SWIHA Blog

Brain Health is the Wellness to Watch: New Research Shows How Holistic Healing Works

Posted by Taylor Jablonowski on 12/10/18 2:00 PM

The brain is such a complicated machine that we’ve barely scratched the surface of its mysteries. In the last five years, however, many researchers have focused heavily on how our minds are affected by things such as nutrition, environmental pollution, screen time and multi-tasking. They’re exploring beyond mental health and now observing brain health—the ways in which the organ is physically responding to our fast-changing lifestyle.

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With every new study, science uncovers a facet of the relationship between our body and our body. Optimal brain health will be at the forefront of wellness in the upcoming years, so today we'll look at some ways that holistic healing can help support mind, body and spirit.

Our Brain is the Organ Most Affected by Poor Diet

There’s a good reason our gut is referred to as our “second brain”. We now know that, when you want to heal the brain, you tend to look at the gut-brain axis for clues as to what may be happening.

Research shows that the risk of depression increases nearly 80% in teens with a Standard American Diet (highly processed and loaded with empty calories) versus those with a balanced, whole-foods diet. There are even studies which suggest that ignored food sensitivities may play a role in the onset of schizophrenia and bipolar disorder.

While diet alone can’t exclusively cause or heal any of these mental ailments, Holistic Nutrition is a vital piece to integrate in to a treatment plan.

Brain Fog Isn’t Just In Your Head; It’s Inflammation

Feeling “foggy” has been discovered to be an effect of adrenal fatigue caused by an imbalance of cortisol, commonly referred to as the stress hormone. Cortisol is important for helping your body deal with taxing situations; however, if your levels are high for too long it can negatively impact your mood, reduce your energy levels and even increase your risk for diabetes.

Hormone derailment is a downstream effect of consuming processed sugar and gluten grains, and exposure to pathogens and harmful chemicals. These things change our intestinal flora and keep our immune system in a state of alarm, thereby causing inflammation of our most vulnerable tissues.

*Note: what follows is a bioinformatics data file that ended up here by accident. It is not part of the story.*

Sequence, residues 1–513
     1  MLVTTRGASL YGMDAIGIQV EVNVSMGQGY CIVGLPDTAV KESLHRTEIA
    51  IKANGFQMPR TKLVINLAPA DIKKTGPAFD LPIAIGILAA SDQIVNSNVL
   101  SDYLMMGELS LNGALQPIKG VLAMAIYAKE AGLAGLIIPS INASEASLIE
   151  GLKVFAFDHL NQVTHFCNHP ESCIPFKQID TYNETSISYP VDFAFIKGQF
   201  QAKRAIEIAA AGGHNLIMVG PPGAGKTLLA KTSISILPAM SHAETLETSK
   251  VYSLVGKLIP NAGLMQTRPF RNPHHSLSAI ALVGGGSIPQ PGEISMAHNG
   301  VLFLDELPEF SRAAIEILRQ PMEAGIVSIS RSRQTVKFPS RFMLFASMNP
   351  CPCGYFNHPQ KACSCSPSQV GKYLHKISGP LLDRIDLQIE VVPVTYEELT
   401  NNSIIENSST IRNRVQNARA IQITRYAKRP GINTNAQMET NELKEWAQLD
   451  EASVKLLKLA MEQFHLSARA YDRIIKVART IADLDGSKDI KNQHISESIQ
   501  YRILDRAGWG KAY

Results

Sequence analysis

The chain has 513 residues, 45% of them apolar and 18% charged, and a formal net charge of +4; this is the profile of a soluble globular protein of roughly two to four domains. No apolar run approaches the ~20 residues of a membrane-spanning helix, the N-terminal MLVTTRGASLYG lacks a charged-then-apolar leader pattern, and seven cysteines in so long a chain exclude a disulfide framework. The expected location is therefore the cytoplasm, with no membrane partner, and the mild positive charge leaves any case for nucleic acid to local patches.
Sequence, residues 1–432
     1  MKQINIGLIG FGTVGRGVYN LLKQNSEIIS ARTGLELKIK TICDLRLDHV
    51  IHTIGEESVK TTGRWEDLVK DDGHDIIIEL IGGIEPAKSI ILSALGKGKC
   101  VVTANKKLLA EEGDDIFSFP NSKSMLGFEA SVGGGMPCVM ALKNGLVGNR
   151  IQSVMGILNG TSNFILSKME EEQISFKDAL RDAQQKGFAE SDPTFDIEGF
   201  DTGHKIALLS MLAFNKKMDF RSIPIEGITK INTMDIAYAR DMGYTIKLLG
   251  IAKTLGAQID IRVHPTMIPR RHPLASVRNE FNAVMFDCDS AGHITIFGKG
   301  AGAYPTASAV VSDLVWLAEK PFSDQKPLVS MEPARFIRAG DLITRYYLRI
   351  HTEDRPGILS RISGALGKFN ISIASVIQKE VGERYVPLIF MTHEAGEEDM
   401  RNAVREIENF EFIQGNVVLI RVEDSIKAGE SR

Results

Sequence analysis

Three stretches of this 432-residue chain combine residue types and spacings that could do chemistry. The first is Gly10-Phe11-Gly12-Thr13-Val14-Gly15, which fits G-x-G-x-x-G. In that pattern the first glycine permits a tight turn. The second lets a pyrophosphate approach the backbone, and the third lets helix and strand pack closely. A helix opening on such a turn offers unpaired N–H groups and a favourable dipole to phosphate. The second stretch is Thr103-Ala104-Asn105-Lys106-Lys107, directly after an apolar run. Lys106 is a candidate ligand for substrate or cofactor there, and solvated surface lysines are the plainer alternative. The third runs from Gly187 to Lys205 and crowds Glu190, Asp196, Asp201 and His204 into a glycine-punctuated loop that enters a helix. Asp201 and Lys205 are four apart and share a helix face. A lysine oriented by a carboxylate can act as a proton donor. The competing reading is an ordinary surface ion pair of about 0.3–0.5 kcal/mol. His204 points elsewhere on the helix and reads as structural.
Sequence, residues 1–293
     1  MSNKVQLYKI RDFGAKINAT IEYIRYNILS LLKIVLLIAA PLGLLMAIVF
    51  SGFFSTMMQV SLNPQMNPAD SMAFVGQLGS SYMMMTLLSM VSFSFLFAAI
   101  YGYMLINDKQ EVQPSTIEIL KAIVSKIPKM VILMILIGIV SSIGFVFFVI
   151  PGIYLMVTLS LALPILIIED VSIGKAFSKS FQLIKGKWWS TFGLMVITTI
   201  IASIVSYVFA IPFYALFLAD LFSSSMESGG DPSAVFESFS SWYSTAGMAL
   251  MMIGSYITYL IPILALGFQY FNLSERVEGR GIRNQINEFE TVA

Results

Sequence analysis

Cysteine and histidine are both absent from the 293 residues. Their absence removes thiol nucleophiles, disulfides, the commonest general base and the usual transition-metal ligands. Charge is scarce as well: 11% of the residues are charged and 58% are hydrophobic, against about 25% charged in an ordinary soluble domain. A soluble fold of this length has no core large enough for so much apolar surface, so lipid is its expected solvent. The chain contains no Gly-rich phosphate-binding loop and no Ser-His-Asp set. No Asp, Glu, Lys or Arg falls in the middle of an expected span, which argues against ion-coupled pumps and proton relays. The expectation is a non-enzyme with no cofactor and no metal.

Inflammation and foggy feelings can be reduced by through the use of adaptogenic herbs such as Indian gooseberry, ashwagandha, holy basil and rhodiola. These herbs help cells eliminate toxic byproducts, assist the body in utilizing oxygen more efficiently and strengthens our adrenal system.

Mono-Tasking Will Make You Happier (and Smarter)

Multi-tasking may not be the prized skill it’s touted as. In fact, it may actually hinder productivity and proper decision-making. A recent study showed that attempting to give attention to more than one task at a time actually decreased participants productivity by 40%.

So why do we multi-task then? Beyond the constant digital notifications and societal glorification of the "workaholic", each time we complete a task (no matter how small) our brains our rewarded with a rush of dopamine, one of the "happy" hormones. Because of this, chronic multi-tasking has been shown to physically change the region of the brain associated with emotional regulation.

The solution is mindfulness! Dedicating yourself to a single task at a time, also known as mono-tasking, has the ability to increase your grey matter which, in effect, slows down the aging process of our most vital organ. Integrating mindful activities such as yoga and meditation in conjunction with life-long learning can decrease your risk of dementia by slowing cognitive decline.

Top Tips for a Healthy Brain

What all this new research concludes is that there are simple changes we can make to support our brain's health; something that holistic wellness has intuited for years!

  • Engage in stimulating activities such as art, reading, hiking or learning a new skill.
  • Eat a healthy, balanced diet and avoid excess sugar and processed foods.
  • Focus on cultivating meaningful relationships with those around you.
  • Drink plenty of water and get quality sleep.

New year, new brain! How’s that for a 2019 resolution?

Learn Something new

Topics: western herbalism, wellness, Holistic Nutrition, yoga, Mindfulness, Meditation, Psychology, Brain Health

About the Author Taylor Jablonowski

Taylor Jablonowski is SWIHA’s Marketing Specialist and a momma to a one-year-old boy named Arlo. When she's not working to make the Healing Arts accessible to everyone, you'll probably find her somewhere in the woods with her feet in a river.

Taylor Jablonowski

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